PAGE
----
11 Apr 2022
In 1963, the Export Development Council wanted to recognise Australian businesses that were having outstanding export success. And so, the Australian Export Awards was born.
The inaugural Australian Export Awards ceremony was held in Canberra on 27 November 1963. Since that first ceremony, the awards have recognised 1,990 Australian businesses.
By the mid 1960s, Australia’s economy was going from strength to strength.
With the credit squeezes of the early 1960s behind us, reduced interest rates and relaxed restrictions saw a major rise in imports. The decade also saw the start of Australia’s mining boom.
During this time, Australia’s economic success became closely tied to a healthy trade position. For most businesses, increased exports were not driven by a desire to internationalise. Rather, they had surplus stock to sell.
The Department of Trade was looking to diversify Australia’s trade markets. Developing new and existing export markets was placed on equal footing with tariff protection and import licensing.
The Department saw export potential in South America and the Middle East. It dispatched trade missions to both regions early in the decade.
Towards the end of the 1960s, Japan had replaced the UK as Australia’s largest trading partner. The value of Australia’s exports to Japan almost quadrupled.
The US also rose to become an important trading partner, second only to Japan. Exports to the US more than tripled during the decade.
Other major 1960s milestones included the discovery of oil and gas in Bass Strait and iron ore at Mount Tom Price, Western Australia. Sir John Eccles’ Nobel Prize for Medicine helped establish Australia's international credentials as the ‘clever country’.
images including cover image, courtesy of Henselite
Henselite’s passion for sporting precision
The inaugural Australian Export Award winner, 1963
After more than 100 years in the game, Henselite knows a thing or two about lawn bowls. Today, the family-owned Aussie company is a world-leading equipment and accessories supplier for the popular sport.
A passion for precision, quality and consistency led the late R. W. Hensell to invent the first Henselite phenolic bowl in the 1930s. It was a revolutionary jump forward, transforming lawn bowls into a highly skilled and competitive international sport.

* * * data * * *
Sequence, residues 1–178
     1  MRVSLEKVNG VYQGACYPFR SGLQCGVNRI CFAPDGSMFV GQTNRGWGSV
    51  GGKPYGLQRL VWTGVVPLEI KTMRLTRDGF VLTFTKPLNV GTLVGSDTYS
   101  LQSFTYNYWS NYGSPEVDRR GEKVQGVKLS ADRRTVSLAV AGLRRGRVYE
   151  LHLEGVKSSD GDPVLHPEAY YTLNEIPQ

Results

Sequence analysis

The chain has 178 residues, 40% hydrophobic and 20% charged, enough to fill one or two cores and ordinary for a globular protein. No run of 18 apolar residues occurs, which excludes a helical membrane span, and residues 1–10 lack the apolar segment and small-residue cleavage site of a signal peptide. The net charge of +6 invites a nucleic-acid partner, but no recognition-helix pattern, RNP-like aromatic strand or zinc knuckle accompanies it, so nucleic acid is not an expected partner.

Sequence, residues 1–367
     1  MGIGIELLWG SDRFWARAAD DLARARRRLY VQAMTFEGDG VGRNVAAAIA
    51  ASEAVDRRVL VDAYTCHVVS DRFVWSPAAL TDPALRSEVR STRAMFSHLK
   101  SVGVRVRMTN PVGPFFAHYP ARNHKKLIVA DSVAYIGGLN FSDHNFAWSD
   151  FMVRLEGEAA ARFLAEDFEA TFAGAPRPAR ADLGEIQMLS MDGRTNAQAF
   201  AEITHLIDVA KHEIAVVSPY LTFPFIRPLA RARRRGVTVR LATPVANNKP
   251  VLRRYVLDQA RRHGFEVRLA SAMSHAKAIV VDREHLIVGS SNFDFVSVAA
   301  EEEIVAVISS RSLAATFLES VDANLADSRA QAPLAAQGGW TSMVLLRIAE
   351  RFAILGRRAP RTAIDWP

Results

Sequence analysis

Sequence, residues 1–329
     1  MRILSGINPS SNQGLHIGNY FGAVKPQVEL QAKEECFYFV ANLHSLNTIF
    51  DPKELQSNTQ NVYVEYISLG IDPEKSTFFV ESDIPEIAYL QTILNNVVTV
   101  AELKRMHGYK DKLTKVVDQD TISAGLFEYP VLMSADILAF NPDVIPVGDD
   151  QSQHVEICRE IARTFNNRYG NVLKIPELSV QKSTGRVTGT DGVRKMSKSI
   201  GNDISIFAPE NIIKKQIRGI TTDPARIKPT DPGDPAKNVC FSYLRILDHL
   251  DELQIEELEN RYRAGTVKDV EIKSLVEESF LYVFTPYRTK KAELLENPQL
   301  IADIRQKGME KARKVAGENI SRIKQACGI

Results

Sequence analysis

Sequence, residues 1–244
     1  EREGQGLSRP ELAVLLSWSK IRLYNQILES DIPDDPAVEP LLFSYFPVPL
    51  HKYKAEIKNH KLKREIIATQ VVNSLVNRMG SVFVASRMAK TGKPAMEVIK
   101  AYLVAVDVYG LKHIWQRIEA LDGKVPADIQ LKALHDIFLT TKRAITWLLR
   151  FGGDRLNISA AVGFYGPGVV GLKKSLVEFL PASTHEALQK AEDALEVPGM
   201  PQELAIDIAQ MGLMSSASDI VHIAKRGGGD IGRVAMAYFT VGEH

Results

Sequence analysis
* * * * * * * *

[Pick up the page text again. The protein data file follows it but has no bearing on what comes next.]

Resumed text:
Supplying equipment for China’s first bowling green in Guangzhou in early 2000 is one of Henselite’s many landmark achievements. The company has worked hard to promote and develop the sport throughout Asia, with great success.
Representing Australian innovation around the world
Henselite won an Australian Export Award at the first Australian Export Awards in 1963. The late Bruce Hensell, who had joined his father Raymond in the business in 1956, saw the win as a validation of Henselite’s success in representing Australian innovation around the world.
Henselite received two more Australian Export Awards over the next two decades. The company is proud to have inspired other Australian businesses to innovate and export to global markets.
An opportunity for connection and learning
Henselite sees the Australian Export Awards as a great opportunity for businesses to be recognised for their work representing Australia. The company sees even greater value in the awards today with more opportunities for connection and learning alongside other finalists. It also highlights brand enhancement and application feedback as strong motivations to apply.
Henselite celebrated its 100th birthday in 2018. In 2021, the fourth generation Hensells sold the company to Ian and Thomas Paterson. The new owners are building on the foundations created over the last 100 years. They have exciting plans to further grow the Henselite brand, and the sport of lawn bowls, on the world stage.
images courtesy of SunRice
SunRice: Cream of the crop
Australian Export Award Winner, 1969
As one of the world’s largest and most loved rice food companies, SunRice can rightly lay claim to its iconic Aussie brand status.
SunRice is a major player in the global food market, with leading brands in Australia, New Zealand, the United States, Asia, the Pacific and the Middle East. It has a suite of complementary and subsidiary businesses in Australia and around the world, exporting rice and food products to 50 countries.
Australian Export Award win a significant part of SunRice history
‘The SunRice Group has an incredibly proud history and winning the Australian Export Awards forms a significant part of that,’ says SunRice Group CEO, Rob Gordon.
In 1969, SunRice won its first Australian Export Award in recognition of its contribution to Australia’s rice-growing industry. The company was recognised another four times in the subsequent decades.
‘Winning the awards was a major achievement. It saw us recognised alongside some of the best exporters in the country and provided important validation that we were on the right track,’ says Gordon.
From the Riverina to the world
‘We have been on a significant journey since winning our first award back in 1969,’ says Gordon. ‘Back then, the company was very much focused on processing and marketing the Australian rice crop in premium markets. Now, we are a truly global food group.’
SunRice’s roots and heritage remain firmly in the Riverina region of New South Wales. It also employs more than 2,000 people around the world. The company has built strong demand for more than 35 major brands. It distributes more than 1,100 products extending far beyond the rice category.
Showcase your story
Gordon would ‘highly recommend’ applying to the Australian Export Awards.
‘There are many great Australian businesses manufacturing and exporting fantastic food products to a myriad of markets around the world,’ he says.
‘The more that we can showcase these wonderful stories through initiatives like the Australian Export Awards Program, the better.’
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